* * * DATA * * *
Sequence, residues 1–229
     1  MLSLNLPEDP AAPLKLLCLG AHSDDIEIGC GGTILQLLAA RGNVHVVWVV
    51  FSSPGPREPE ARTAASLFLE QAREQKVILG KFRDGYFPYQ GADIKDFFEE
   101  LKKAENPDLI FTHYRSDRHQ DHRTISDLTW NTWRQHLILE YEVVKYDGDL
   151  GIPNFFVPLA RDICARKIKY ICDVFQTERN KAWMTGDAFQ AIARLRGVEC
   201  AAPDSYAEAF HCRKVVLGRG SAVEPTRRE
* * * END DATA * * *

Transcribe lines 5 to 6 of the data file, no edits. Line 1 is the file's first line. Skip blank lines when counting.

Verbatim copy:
   151  GIPNFFVPLA RDICARKIKY ICDVFQTERN KAWMTGDAFQ AIARLRGVEC
   201  AAPDSYAEAF HCRKVVLGRG SAVEPTRRE